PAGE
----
Leadership: Half the battle…

19 03 2010

Proverbs 3:5,6  Trust in the Lord with all your heart, and do not lean on your own understanding.  In all your ways acknowledge him, and he will make straight your paths. (ESV)

Incase you missed this wonderful piece of culture; at the end of every G.I. Joe cartoon they gave a PSA (public service announcement), you know like don’t play in the street, don’t do drugs, or don’t play on a lightly frozen pond, or… you get the point.  At the end of every PSA they would say, “And now you know, and knowing is half the battle.”

As I’ve “grown-up” I’ve realized just how true this is.  Recently I have felt a stream of pride slip in.  Not a lot at first, just a small stream, enough to enhance my thirst for better.  Do you know this stream I’m talking about?  The problem with this is I let it go un-checked and it continued to bend and twist its way deeper into my heart.  To the point that I had lost sight of why I was dreaming dreams and seeing visions of what could be.

I have a desire to eventually start a business.  I don’t want to be known as a leader guru or some sort of systems and program expert.  I want to be known as a friend to ministers.  I want to minister to pastors, missionaries, and leaders.  Because I have this desire and pull on my heart my mind has been racing on the best way to accomplish my goal.  But with this stream of pride lately all I saw was bigger, better, and more.  Then in the midst of this whole process I felt a tug on my heart, it was God asking me, “Mason, why are you doing all of this?”  At these moments you have to stop and ask your self “why is God asking me what I’m doing, doesn’t he already know?”  Truth be told, He did know and He also knew that I had forgotten. 

As a leader, whether you are a teacher, manager, trainer, peer, boss, or pastor, we must be careful not to let our pride and self ambition sneak in.  It is wise for us to constantly be asking ourselves why we are doing what ever it is we are doing.  If you are doing for your own selfishness people will soon realize this and know your desire is not for the team; at which point they will distance themselves from you or seek their own selfishness.  However, if you are doing for the team, they will see your sacrifice and be inclined to sacrifice as well. 

Most importantly are you doing what God has for you to do?  Are your big dreams your dreams or God’s dreams?  Are your visions your visions or God’s visions?  If you constantly check your motives as a leader and as a christian making sure they line up with God’s you can never go wrong.  He will always let you know what you’re supposed to do, and that is half the battle!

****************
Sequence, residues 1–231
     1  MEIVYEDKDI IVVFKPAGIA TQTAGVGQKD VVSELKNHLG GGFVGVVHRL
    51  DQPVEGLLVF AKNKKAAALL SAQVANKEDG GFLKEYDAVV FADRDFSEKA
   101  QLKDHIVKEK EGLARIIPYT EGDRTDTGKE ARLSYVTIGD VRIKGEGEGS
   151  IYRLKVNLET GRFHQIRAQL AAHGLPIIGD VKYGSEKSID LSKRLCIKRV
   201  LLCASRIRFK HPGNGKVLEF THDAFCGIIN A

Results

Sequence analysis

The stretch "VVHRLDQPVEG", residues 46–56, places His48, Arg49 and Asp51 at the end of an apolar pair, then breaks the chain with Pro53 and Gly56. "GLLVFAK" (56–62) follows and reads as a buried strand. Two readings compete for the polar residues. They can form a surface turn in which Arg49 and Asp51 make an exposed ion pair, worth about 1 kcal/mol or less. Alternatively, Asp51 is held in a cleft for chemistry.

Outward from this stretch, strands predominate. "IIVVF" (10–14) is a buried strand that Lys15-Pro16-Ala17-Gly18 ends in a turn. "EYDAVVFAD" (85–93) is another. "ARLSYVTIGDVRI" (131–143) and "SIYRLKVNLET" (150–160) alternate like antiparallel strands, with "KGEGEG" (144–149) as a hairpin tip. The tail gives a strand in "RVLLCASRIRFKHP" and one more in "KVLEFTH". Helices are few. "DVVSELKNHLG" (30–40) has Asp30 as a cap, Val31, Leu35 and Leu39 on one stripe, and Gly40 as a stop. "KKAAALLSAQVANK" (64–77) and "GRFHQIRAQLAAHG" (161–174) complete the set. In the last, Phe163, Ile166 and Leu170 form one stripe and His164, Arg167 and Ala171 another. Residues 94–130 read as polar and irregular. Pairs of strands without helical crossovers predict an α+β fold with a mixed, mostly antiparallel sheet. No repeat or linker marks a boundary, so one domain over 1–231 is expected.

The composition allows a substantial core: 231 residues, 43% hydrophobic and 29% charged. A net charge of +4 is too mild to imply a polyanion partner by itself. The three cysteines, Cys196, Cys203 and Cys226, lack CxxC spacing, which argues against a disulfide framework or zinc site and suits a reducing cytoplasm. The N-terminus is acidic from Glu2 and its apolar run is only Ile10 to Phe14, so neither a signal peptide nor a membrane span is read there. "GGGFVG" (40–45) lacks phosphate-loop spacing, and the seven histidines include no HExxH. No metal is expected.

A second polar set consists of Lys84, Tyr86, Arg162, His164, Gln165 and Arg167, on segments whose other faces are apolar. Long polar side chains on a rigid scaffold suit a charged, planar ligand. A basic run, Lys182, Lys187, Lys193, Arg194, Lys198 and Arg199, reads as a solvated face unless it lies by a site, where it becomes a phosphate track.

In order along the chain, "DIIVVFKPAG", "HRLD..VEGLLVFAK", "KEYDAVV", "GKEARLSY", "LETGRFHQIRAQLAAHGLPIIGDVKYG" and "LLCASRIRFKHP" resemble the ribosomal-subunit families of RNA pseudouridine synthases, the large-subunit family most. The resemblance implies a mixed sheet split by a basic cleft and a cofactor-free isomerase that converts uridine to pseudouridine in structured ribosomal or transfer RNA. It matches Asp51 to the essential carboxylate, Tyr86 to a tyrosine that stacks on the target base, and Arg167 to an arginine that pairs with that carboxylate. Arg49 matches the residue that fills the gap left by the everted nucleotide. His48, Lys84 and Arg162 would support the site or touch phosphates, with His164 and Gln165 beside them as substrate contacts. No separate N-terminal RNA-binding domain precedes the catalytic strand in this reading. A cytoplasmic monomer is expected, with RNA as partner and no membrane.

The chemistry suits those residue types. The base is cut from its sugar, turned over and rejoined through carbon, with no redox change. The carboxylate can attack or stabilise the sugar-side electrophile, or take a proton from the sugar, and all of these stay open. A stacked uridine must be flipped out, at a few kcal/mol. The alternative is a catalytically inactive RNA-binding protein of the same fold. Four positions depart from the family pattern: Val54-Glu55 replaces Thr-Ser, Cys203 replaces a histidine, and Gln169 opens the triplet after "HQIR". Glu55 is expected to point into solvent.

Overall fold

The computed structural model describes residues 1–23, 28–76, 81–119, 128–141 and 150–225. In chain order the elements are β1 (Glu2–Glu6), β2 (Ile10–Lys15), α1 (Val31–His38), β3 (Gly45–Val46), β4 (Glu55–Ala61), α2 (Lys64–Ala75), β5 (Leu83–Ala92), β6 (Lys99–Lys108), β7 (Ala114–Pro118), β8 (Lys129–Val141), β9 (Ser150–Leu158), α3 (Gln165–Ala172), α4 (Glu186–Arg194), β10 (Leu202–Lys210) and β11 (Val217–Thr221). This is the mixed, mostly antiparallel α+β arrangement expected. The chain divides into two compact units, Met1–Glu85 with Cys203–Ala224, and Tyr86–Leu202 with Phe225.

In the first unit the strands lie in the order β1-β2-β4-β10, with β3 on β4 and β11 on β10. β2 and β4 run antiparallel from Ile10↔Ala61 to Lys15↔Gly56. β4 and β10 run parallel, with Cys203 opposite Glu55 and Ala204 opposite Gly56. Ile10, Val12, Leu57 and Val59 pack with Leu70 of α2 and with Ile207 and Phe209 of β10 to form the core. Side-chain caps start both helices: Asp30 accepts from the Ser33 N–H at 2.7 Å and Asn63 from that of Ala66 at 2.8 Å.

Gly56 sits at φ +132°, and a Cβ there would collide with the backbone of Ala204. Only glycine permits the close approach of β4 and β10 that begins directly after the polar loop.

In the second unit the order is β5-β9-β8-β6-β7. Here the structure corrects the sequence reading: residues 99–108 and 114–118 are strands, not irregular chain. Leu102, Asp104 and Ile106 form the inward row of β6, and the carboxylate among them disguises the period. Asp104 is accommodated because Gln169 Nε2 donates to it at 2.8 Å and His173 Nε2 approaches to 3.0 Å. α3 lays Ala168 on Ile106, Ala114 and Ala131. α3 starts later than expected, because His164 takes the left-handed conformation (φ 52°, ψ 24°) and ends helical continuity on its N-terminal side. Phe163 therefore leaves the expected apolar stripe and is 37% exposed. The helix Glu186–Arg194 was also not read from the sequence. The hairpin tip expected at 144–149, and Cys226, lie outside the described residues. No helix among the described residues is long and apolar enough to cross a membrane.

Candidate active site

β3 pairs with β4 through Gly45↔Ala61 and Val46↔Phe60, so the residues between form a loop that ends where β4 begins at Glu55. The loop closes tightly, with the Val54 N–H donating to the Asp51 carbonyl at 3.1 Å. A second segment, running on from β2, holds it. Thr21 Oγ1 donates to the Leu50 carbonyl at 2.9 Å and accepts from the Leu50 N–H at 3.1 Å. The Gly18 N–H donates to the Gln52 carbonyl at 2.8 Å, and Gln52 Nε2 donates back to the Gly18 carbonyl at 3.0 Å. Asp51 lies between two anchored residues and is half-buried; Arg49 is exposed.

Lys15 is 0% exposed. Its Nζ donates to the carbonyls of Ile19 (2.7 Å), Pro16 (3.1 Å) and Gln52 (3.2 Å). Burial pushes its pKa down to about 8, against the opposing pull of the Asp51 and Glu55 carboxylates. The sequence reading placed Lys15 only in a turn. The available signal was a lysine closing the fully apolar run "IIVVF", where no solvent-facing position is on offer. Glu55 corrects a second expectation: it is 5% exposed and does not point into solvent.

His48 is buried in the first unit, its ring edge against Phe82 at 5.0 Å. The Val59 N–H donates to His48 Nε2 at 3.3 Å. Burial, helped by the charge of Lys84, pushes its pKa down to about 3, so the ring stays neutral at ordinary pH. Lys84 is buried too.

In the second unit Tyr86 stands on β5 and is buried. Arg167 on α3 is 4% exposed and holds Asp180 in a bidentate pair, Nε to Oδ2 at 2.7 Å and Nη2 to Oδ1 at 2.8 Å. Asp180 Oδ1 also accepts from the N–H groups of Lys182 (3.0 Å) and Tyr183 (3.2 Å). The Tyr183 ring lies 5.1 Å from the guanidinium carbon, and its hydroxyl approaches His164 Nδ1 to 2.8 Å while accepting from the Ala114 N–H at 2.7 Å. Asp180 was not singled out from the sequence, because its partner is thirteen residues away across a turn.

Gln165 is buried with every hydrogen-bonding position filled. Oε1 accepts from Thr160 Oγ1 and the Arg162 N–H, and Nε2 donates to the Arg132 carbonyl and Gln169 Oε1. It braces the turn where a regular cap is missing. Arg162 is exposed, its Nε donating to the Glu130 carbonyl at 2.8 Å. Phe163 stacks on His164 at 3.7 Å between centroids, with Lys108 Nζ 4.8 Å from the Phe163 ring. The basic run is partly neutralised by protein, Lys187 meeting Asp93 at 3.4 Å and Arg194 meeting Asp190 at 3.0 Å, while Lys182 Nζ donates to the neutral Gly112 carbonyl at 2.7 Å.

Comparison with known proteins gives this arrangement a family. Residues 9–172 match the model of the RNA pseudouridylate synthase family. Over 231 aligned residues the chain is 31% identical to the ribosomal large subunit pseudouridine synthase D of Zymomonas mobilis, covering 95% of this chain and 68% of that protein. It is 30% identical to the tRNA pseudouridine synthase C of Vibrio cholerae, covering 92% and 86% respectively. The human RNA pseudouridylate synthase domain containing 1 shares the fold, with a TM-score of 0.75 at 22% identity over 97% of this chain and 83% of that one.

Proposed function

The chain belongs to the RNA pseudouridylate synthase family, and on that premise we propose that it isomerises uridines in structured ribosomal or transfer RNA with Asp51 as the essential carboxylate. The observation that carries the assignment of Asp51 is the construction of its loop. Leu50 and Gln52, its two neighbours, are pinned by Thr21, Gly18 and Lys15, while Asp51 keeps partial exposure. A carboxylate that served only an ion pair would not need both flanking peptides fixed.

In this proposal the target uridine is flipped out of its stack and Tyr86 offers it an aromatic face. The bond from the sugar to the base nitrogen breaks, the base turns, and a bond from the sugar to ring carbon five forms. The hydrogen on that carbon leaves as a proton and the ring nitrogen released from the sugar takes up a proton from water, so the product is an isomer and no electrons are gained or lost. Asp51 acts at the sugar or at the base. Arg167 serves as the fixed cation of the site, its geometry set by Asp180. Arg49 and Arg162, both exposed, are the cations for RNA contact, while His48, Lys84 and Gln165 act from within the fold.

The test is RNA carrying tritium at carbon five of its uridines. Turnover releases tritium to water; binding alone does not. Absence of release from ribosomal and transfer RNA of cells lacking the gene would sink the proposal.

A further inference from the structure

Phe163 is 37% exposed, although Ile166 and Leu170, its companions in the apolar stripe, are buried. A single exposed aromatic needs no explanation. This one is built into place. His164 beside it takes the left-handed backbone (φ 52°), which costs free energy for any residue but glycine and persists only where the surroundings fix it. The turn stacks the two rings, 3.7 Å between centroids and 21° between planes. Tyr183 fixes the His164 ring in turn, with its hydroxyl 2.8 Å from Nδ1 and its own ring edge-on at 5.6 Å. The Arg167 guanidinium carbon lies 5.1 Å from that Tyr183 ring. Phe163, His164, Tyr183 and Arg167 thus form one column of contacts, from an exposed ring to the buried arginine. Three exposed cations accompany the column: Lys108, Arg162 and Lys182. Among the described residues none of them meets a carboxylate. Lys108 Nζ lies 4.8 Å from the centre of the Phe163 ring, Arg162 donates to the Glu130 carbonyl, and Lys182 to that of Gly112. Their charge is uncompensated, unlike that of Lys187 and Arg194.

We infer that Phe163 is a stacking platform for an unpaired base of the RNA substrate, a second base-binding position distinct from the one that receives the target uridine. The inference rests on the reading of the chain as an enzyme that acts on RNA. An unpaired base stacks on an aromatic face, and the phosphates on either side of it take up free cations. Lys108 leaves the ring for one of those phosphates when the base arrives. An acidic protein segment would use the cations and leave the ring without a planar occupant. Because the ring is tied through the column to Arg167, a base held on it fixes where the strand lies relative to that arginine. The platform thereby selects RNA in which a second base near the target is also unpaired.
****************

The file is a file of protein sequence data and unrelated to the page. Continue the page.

Why do you think it is hard to constanly check personal motives?

Who was your favorite G.I. Joe?

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4 responses

19 03 2010
EZE

Snake Eyes was my favorite GI Joe …until hasbro came out with the most epic cross-over action figure of the 80’s, Sgt. Slaughter. Yes the pro wrestler turned GI Joe with his 6×6 tank was a key center piece in both GI Joes and WWF collections. Oh snap I just went there 😉

21 03 2010
Mason Stanley

EZE, thats awesome bro! I loved the G. I. Joe movie cross over with Sgt. Slaughter. My favorite was always shipwreck, his smart mouth and awesome parrot always made my day!

21 03 2010
Jordie

Why do you think it is hard to constantly check personal motives?
I think it’s difficult due to the fact that we don’t wanna check ourselves. We get so caught up in what we’re doing, sometimes we’re even doing it for God, but we forget why. We think we’re doing it for God, but instead we’re just doing it to please ourselves, and make ourselves feel better. It’s also because the switch between selflessness to selfishness is so sudden. One second you’re preaching the word of God to change lives, the next you’re preaching to impress, with salvation of others narrow and tucked away. I have problems with it. I’ll go help someone, I’ll give to missions, I’ll read my bible. But I do it to feel good. Not to glorify God. I think “Because I gave to missions, I’m now a better person.” or “Look how Christian I am. I just reached lvl78”. It’s hard to step back and realize it because we get so caught up in everything we do, and in everyday life. Just like Francis Chan says, sometimes we just need to take a step back, and look at our lives outside of the chaos we live in.

21 03 2010
Mason Stanley

The problem is we are naturally prone to gravitate our lives towards our own desires of ease and comfort. So for us, by ourselves, to take a step back is for us to fight gravity with no propulsion. However, when we constanlty ask God to check our motives like the psalmist do, He reveals to us our motives, He is the jet pack to our gravitational pull of selfishness. 🙂 Great thought Jordie!

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